Smallville first premiered at 9:00 PM on Tuesday, October 16, 2001 on The WB. For the next five seasons the series was featured on The WB, transitioning from Tuesday nights at 9:00 pm to Wednesday nights at 8:00 pm, and eventually settling on Thursday nights at 8:00 pm. In 2006, before the start of Smallville's sixth season, it was announced The WB and UPN would be merging into a single entity, The CW. Shortly after that, The CW announced Smallville would continue to be part of the television lineup. On May 21, 2009, it was announced Smallville would be returning to the 2009–2010 fall line-up for its ninth season, airing on Friday nights at 8:00 pm. On March 4, 2010, the CW announced Smallville had been renewed for a tenth season.
Smallville's first accomplishment was breaking the record for highest rated debut for The WB, with 8.4 million viewers tuning in for its pilot. The premiere also broke the record for adults age 18 - 34, and finished first with viewers age 12 - 34, leading Warner Bros. President of Entertainment Jordan Levin to credit the series with invigorating the network's Tuesday night lineup. The series was featured on the cover of Entertainment Weekly as one of five new shows to watch. After its first season, Smallville placed sixth on the Parents Television Council's list of the "best shows for families". The WB's CEO Jordan Levin recognized the early concerns the show had become a villain of the week series, and announced season two would begin to see more "smaller mini-arcs over three to four episodes", in order for them to move away from a "serialized show". Gough realized with each succeeding season relying more on seasonal story arcs, there are occasions where they have to have villain of the week stories. It was clear the villain of the week stories were generally more criticized by the fans of the Superman mythology, but Gough wanted to be able to please both the fans of Superman and the general audience of the studio; in the case of The WB, the general audience consists of teenagers who prefer the villain of the week stories over the episodes focusing more heavily on the Superman mythology.
"I was a little bit skeptical when I heard about [Smallville] at first, but I must say the writing, the acting, and the special effects are quite remarkable. In 1977, a big stunt scene would have taken us a week to film—it's pretty impressive what they are able to do with computers and effects technology today on a weekly TV show. It gives it a lot more production value and inventiveness than I thought I was going to see when I first heard about the series. I think the show is doing a really good job following the mythology, and Tom is doing a good job following the tradition."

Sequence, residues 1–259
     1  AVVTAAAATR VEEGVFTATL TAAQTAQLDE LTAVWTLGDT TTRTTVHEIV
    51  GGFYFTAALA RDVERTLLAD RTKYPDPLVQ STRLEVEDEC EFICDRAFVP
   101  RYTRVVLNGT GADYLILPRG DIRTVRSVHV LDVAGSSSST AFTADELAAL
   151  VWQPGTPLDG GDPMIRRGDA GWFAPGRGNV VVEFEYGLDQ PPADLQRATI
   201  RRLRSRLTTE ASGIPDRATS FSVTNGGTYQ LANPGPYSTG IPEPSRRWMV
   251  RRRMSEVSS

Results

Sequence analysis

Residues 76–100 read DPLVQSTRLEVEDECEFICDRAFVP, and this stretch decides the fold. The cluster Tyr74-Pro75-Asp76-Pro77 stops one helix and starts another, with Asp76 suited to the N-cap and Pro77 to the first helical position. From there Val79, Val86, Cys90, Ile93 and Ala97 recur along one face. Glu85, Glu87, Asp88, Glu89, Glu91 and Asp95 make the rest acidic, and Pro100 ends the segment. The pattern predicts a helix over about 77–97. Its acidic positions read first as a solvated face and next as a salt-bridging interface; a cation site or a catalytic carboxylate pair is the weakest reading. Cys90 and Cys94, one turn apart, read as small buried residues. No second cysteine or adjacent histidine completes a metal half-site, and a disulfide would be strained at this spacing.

MTV's Karl Heitmueller believes that Smallville's Clark Kent is a better representation of the original material, staying "true to the heart of the story" by showing Clark's selflessness, and his struggle between his desires and obligations. At the same time, Heitmueller feels the show will have a difficult time addressing why no one in Smallville will recognize Clark when he puts on the suit, especially Lex Luthor.
The following is a table for the seasonal rankings, based on average total estimated viewers per episode, of Smallville on The WB and The CW. "Rank" refers to how Smallville rated compared to the other television series which aired during primetime hours.
|Season||Timeslot||Network||Season Premiere||Season Finale||Rank #||Viewers (in millions)|
|1st||Tuesday 9/8C||The WB||October 16, 2001||May 21, 2002||115||5.90|
|2nd||Tuesday 9/8C||September 24, 2002||May 20, 2003||113||6.30|
|3rd||Wednesday 8/7C||October 1, 2003||May 19, 2004||141||4.96|
|4th||Wednesday 8/7C||September 22, 2004||May 18, 2005||124||4.40|
|5th||Thursday 8/7C||September 29, 2005||May 11, 2006||117||4.70|
|6th||Thursday 8/7C||The CW||September 28, 2006||May 17, 2007||125||4.10|
|7th||Thursday 8/7C||September 27, 2007||May 15, 2008||175||3.77|
|8th||Thursday 8/7C||September 18, 2008||May 14, 2009||152||3.74|
|9th||Friday 8/7C||September 25, 2009||TBA||TBA||TBA|
Throughout its first seven seasons, Smallville has won numerous awards ranging from Emmys to Teen Choice Awards. In 2002, the show was recognized with an Emmy for Outstanding Sound Editing for a Series. Four years later, the series was awarded an Emmy for Outstanding Editing for a Series for its fifth season episode "Arrival". In 2008, Smallville again won the Outstanding Sound Editing Emmy for season seven's "Bizarro".